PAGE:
Of late, Assam Chief Minister Tarun Gogoi has made quite a few significant statements about the presence of foreign tiols in Assam and about the updating of the tiol Register of Citizens (NRC). They need to be looked at a little more closely and commented on. One of the statements relates to his ibility to deport the Bangladeshis that are living illegally in Assam. Fourteen years after taking over as Chief Minister of Assam, Tarun Gogoi tells us now that it is impossible for him to deport these Bangladeshis illegally living in Assam. Considering his very soft corner for all Bangladeshis living in Assam, it would seem that he was referring to Bangladeshis who had come to Assam even after March 25, 1971. In a land where the Assam Accord is regarded as having the force of law (whenever it is convenient to do so) and as meriting a status even above the Constitution, we keep forgetting that the Constitution had made clear stipulations about the cut-off date for migrants from Pakistan (or erstwhile Pakistan). Article 6 makes July 19, 1948 the cut-off date for migrants from Pakistan. As such, any agreement seeking to change this cut-off date is clearly a violation of the Constitution of India. Be that as it may, having said that he is in no position to deport all the Bangladeshis illegally resident in Assam, Tarun Gogoi leaves himself open to the question as to whether there were any laws of the land coming in the way of his preventing the easy and unchecked infiltration of Bangladeshis into Assam during the last 14 years. The statement “I cannot deport the Bangladeshis,” begs the questions: What stopped you from using the legal provisions at your command from preventing them from entering the State, especially after the Supreme Court had struck down the IM(DT) Act in 2005? What prevented you from ensuring much speedier initiatives to fence the intertiol boundary between Bangladesh and Assam? What prevented you from ensuring that illegal migrants from Bangladesh were not provided permanent resident certificates and ration cards that could be used later on for claiming citizenship status? Quite obviously, the Chief Minister will have no satisfactory responses to these questions because he has been known to issue instructions that Bangladeshi immigrants (regardless of the year of their migration to Assam) cannot be touched for any offence or crime by the police. In fact, they could not be touched even for stoking commul riots. It is one thing to be solely dependent on the Centre for fincial assistance at all times, and quite another to expect the Centre to take over the duty of providing law and order in the State as well.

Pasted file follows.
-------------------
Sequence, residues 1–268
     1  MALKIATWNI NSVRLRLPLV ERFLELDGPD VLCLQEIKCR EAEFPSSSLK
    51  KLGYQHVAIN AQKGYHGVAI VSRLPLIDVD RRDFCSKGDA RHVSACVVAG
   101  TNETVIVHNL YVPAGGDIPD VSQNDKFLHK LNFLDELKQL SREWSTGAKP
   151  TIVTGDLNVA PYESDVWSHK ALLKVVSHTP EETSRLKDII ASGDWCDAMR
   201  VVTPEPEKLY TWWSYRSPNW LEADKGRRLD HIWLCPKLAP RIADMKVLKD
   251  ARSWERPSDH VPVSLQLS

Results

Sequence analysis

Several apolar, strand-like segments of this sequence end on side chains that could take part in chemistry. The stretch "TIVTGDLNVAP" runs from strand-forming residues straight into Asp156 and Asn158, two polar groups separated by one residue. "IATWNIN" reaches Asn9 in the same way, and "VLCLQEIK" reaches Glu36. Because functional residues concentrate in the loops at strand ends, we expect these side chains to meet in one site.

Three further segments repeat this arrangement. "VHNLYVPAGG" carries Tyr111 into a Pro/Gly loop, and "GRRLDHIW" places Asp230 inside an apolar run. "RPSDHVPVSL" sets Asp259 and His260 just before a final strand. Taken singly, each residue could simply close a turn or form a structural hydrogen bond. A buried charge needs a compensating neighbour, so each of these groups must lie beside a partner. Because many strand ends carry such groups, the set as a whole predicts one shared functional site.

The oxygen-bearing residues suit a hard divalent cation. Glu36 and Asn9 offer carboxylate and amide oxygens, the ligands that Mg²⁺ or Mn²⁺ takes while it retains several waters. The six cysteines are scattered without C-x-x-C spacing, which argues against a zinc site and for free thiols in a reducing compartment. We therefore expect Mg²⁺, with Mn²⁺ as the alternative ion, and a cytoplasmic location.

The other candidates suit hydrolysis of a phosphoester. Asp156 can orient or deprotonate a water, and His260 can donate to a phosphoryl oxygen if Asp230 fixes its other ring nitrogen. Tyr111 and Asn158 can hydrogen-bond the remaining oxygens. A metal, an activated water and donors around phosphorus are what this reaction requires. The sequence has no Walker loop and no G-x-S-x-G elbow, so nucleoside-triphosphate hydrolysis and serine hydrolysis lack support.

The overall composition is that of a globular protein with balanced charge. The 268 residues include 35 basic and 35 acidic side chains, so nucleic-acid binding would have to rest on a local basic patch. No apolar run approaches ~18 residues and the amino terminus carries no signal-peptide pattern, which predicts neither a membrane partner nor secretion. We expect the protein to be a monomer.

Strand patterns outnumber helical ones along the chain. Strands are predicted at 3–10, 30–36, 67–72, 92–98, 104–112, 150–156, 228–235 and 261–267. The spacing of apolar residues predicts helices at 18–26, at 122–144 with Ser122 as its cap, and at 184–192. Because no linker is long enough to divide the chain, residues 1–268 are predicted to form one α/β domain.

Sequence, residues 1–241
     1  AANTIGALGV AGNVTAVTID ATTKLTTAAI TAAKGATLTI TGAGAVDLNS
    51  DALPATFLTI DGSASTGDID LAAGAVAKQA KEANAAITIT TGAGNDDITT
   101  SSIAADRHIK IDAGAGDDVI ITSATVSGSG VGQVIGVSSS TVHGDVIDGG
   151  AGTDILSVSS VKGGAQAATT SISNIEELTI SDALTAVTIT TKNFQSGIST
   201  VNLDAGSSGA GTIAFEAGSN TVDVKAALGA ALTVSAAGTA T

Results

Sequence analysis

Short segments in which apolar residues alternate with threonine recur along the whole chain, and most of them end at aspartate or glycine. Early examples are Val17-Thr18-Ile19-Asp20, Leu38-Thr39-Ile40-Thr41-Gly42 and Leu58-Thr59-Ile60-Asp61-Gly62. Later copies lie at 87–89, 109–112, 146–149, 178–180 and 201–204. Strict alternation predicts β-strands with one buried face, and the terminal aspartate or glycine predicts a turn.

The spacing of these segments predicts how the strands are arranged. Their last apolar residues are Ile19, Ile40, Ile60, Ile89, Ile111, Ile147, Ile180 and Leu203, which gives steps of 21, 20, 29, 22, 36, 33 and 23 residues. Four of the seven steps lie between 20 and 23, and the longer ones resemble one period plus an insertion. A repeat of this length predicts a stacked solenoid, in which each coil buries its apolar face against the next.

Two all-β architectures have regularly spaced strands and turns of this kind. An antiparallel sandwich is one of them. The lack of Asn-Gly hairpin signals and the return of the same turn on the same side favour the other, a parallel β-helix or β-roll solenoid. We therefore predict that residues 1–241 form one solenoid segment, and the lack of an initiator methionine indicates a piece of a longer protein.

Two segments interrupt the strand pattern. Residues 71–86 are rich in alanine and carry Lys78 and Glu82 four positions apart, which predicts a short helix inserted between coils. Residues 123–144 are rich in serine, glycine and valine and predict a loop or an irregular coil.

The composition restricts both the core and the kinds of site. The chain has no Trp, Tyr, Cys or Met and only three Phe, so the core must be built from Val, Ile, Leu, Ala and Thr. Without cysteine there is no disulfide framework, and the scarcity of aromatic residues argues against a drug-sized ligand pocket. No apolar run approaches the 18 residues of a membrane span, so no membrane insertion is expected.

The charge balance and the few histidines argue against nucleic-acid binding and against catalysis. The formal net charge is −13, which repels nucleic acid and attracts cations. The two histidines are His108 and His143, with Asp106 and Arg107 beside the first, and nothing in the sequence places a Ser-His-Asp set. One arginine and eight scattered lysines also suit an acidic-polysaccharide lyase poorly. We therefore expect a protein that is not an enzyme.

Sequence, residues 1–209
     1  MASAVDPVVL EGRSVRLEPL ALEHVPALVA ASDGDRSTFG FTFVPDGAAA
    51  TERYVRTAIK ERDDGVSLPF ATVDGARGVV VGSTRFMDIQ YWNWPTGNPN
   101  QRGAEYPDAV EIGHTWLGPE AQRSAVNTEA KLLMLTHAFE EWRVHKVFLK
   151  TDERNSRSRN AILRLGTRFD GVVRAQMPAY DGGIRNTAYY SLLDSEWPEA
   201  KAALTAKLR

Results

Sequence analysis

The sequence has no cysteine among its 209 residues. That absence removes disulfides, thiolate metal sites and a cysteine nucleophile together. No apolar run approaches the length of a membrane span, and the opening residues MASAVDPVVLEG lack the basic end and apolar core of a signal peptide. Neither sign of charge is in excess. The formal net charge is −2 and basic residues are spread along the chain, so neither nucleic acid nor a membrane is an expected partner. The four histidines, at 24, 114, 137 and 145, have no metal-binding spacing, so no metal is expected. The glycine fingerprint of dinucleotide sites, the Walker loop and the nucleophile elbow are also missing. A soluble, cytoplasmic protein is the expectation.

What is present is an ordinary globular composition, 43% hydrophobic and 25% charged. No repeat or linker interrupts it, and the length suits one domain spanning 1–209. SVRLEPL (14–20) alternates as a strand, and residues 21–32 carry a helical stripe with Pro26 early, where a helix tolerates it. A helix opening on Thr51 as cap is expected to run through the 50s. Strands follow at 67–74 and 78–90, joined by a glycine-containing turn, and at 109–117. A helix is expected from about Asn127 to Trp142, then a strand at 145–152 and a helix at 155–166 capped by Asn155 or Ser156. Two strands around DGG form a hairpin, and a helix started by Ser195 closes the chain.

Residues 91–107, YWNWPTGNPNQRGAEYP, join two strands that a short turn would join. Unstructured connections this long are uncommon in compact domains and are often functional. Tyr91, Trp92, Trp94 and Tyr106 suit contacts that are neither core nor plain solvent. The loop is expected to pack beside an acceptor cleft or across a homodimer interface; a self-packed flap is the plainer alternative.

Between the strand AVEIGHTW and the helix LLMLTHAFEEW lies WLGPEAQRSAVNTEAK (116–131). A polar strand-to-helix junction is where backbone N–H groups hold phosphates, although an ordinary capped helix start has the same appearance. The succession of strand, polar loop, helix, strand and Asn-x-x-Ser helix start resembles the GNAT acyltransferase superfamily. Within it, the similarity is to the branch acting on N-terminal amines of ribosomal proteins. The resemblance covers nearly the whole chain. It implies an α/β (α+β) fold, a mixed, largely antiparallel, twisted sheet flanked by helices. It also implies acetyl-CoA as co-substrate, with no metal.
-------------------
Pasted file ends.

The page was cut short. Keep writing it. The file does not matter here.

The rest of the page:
The other stance of the Assam Chief Minister that needs to be questioned is that the Congress and the All Assam Students Union (AASU) alone had wanted the updating of the NRC and that no other political party in the State wanted the NRC to be revised. The Assam Chief Minister now pretends that he has been working very hard to ensure the updating of the NRC. This is obviously not true. People are aware of how the Assam government has worked overtime to delay the updating of the NRC by several years. It is the commitment of the Supreme Court to the updating of the NRC that has acted as a compulsive factor for the Assam government, and there is no point in the Chief Minister of the State seeking to take credit for the pressure that the Supreme Court has kept mounting on the Assam government.
It is indeed doubtful whether the Assam government will be able to honour the commitment of a speedy and reliable updating of the NRC. The Chief Minister has sought to assure Indian citizens of Assam that they need have no fears about getting their mes in the updated NRC even if it is not possible to trace the mes of their ancestors in the existing NRC. Had this been an assurance meant exclusively for the indigenous people of Assam, there would have been legitimate reasons for rejoicing. However, given the experience of the last 14 years, there is the legitimate fear that when Tarun Gogoi seeks to reassure the Indian citizens of Assam about their mes being included in the updated NRC, he is clearly talking about his blue-eyed brethren, mely all immigrants from Bangladesh to whom he is determined to grant citizenship. How he handles the opposition to the updating of the NRC is another matter that calls for closer scrutiny.